Aquila Three Peaks Opportunity Growth Fund employs a fundamental investment strategy focused on measures of corporate performance and balance sheet improvement – characteristics that we search for and evaluate, one company at a time.

“We believe that we take a unique approach to selecting equity investments”, said Sandy Rufenacht, Co-Portfolio Manager.  “We have a long history of conducting research in the high-yield corporate bond market, and investing in high-yield issuers when our research indicates they are successfully and prudently managing leverage and the corporate balance sheet. The characteristics we look for in high-yield debt issuers have helped us identify opportunities for improvement in the equity performance of those companies.  Our experience, research, and strategy in the high-yield debt market is the foundation on which we built the strategy of Aquila Three Peaks Opportunity Growth Fund”.

Take a closer look at the individual stock selection approach of Aquila Three Peaks Opportunity Growth Fund – you may find it is just what you were looking for.

 

1Correlation:  A statistical measure of the movements of two securities in relation to each other.  If perfectly correlated, two securities will move up or down to the same degree and in the same direction. 

2Past performance does not guarantee future results.  An investment cannot be made directly in an index.

Before investing in the Fund, carefully read about and consider the investment objectives, risks, charges, expenses, and other information found in the Fund prospectus. The prospectus is available on this site, from your financial advisor and when you call 800-437-1020.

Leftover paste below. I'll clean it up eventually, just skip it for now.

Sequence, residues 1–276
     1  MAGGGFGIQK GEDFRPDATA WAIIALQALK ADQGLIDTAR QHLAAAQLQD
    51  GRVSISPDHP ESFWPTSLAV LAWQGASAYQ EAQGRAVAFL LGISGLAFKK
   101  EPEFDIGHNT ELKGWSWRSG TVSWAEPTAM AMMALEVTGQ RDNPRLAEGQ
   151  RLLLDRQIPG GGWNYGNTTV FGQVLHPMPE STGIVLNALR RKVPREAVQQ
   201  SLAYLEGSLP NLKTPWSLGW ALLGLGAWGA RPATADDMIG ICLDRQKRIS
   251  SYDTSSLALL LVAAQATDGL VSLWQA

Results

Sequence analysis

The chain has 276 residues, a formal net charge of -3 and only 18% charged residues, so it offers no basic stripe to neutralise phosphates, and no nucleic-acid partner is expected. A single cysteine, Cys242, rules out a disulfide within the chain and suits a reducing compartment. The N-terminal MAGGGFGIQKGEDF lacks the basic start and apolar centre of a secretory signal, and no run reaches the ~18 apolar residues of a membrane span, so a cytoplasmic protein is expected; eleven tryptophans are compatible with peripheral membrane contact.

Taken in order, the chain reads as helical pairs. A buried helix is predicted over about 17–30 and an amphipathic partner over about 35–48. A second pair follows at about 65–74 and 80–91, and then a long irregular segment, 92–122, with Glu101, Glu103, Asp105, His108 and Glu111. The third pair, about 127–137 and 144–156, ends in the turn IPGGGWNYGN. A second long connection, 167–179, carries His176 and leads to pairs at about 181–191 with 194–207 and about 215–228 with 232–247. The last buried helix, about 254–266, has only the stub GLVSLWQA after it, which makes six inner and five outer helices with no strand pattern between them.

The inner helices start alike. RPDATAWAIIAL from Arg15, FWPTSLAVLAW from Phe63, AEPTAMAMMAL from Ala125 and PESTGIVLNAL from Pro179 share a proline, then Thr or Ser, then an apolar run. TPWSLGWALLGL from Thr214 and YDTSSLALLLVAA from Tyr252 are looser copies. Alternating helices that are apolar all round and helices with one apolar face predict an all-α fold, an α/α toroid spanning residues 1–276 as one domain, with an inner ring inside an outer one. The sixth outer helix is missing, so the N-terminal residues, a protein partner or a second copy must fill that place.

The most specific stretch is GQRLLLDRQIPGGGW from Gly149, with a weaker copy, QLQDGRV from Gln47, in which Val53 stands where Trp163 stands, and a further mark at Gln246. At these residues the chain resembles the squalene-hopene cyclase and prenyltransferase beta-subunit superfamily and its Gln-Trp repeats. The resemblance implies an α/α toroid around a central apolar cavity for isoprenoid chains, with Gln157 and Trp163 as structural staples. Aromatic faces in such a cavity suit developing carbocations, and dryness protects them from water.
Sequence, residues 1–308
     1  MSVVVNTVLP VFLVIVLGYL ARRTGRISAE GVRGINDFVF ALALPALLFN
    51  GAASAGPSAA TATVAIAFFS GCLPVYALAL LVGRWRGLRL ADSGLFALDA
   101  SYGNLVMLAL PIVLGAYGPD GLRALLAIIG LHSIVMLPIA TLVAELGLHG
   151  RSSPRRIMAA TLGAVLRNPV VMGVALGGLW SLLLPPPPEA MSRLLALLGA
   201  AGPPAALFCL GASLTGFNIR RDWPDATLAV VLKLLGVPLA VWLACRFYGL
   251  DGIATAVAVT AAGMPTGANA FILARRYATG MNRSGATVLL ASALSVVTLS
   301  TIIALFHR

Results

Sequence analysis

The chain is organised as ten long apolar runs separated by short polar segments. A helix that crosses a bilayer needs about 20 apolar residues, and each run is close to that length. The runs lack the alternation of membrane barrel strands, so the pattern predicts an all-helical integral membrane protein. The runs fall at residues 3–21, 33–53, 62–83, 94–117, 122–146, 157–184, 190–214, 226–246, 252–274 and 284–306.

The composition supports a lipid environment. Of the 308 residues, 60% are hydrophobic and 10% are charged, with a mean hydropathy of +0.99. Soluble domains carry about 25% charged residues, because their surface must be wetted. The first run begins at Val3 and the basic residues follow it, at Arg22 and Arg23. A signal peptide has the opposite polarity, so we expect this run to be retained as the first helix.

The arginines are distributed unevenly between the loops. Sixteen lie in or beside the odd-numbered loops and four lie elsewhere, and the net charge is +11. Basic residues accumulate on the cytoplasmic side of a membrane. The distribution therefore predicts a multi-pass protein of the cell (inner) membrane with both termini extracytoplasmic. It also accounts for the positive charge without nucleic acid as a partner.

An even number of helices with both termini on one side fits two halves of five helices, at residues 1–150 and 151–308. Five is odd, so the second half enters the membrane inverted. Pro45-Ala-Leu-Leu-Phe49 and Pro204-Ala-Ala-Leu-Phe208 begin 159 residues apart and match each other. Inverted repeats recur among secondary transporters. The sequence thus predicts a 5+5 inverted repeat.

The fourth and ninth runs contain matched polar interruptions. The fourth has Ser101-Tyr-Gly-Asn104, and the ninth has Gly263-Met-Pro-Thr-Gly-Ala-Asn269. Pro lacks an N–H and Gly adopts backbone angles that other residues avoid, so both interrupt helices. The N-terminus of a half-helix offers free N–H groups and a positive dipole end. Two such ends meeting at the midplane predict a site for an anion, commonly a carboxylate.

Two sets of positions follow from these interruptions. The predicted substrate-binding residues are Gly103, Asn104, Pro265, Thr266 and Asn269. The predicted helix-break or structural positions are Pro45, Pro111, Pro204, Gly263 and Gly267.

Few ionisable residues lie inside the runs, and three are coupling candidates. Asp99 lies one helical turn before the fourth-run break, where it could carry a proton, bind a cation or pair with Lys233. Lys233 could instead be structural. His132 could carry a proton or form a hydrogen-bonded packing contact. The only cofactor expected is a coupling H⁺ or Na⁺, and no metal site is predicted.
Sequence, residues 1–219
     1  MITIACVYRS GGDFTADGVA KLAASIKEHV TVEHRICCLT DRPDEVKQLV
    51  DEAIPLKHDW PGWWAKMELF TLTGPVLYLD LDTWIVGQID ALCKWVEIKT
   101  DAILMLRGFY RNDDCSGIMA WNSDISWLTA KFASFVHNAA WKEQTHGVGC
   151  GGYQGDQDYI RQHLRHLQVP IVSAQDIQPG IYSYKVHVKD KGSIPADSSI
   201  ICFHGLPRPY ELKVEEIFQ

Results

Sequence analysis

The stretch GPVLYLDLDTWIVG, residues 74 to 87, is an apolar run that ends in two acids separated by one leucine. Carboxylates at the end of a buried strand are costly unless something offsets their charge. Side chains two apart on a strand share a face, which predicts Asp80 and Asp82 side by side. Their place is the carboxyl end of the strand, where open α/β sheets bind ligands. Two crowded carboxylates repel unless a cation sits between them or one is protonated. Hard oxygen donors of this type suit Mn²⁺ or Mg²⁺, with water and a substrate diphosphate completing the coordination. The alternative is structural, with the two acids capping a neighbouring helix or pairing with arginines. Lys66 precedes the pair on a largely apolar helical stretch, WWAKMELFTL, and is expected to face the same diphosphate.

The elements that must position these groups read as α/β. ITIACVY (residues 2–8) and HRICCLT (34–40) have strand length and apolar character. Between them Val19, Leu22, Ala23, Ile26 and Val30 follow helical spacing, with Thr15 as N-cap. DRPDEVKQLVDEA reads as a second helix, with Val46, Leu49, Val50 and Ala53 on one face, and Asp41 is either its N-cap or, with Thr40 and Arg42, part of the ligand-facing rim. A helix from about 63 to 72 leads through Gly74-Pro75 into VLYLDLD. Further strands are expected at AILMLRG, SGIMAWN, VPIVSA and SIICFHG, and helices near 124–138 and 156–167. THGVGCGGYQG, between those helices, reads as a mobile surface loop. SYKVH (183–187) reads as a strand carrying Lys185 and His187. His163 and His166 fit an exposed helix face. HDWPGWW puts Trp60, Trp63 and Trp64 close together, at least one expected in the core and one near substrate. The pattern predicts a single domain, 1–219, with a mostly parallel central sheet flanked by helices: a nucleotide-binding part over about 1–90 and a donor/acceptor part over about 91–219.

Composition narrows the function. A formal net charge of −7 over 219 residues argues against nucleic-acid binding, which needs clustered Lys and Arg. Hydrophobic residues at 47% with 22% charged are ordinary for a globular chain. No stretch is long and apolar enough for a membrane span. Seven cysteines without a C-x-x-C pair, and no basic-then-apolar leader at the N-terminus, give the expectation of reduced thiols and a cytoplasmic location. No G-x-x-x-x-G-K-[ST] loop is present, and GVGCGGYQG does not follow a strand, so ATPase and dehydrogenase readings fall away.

Investment Considerations: Mutual fund investing involves risk; loss of principal is possible.  An investment involves certain risks including market risk, financial risk, interest rate risk, credit risk, and risks associated with investments in highly-leveraged companies, lower-quality debt securities, foreign markets and foreign currencies, and potential loss of value.

03/07/2014

A New Tax Confronts High Income Taxpayers

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“The only things certain in life are death and taxes.” ~ Benjamin Franklin

Starting with the 2013 tax year, high income taxpayers will be subject to a new tax; the 3.8% Net Investment Income Tax (NIIT).  Instituted under the Patient Protection and Affordable Care Act and the Health Care and Education Reconciliation Act of 2010, this tax is in addition to regular taxes and will be imposed on filers with Modified Adjusted Gross Income (MAGI) over certain thresholds.

The good news for investors in municipal bonds is that the interest income from a municipal bond is generally exempt from federal income tax, generally exempt from income tax in the state that issued the bond, and is excluded from the calculation of the MAGI.  The exclusion of municipal bond interest income from the MAGI calculation could help keep some taxpayers below the income thresholds at which the NIIT would otherwise be applicable.  Furthermore, interest from municipal bonds is not considered investment income for the purpose of calculating the NIIT, so it’s also exempt from the 3.8% surtax.

The Certainty of Taxes provides additional information and examples of the impact NIIT has on taxpayers.

Investors will be encountering the NIIT for the first time as they prepare their 2013 tax returns.  Consider whether tax-exempt income provided by municipal bonds would be beneficial in future investment and tax planning.

For additional information on the new tax, visit  IRS publication “Questions and Answers on the Net Investment Income Tax” or consult your professional tax advisor.